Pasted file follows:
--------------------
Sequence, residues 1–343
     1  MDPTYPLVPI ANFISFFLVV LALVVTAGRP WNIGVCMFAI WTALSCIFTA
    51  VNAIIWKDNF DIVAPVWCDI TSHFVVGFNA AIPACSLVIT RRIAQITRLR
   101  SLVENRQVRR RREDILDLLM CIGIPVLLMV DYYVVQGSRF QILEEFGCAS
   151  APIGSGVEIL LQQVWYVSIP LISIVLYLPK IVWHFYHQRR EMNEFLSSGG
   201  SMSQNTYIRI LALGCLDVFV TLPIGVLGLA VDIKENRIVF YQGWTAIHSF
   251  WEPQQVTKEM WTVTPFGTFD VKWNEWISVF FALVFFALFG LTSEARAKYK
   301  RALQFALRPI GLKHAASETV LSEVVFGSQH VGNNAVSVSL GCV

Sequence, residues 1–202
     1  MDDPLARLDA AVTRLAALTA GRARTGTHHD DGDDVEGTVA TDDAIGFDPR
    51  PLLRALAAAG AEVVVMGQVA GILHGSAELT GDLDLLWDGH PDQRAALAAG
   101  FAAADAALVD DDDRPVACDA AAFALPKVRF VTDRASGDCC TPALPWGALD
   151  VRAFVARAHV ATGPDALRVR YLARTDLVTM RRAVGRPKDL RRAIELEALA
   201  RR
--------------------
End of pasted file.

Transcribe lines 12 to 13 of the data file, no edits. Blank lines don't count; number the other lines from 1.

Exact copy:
   101  FAAADAALVD DDDRPVACDA AAFALPKVRF VTDRASGDCC TPALPWGALD
   151  VRAFVARAHV ATGPDALRVR YLARTDLVTM RRAVGRPKDL RRAIELEALA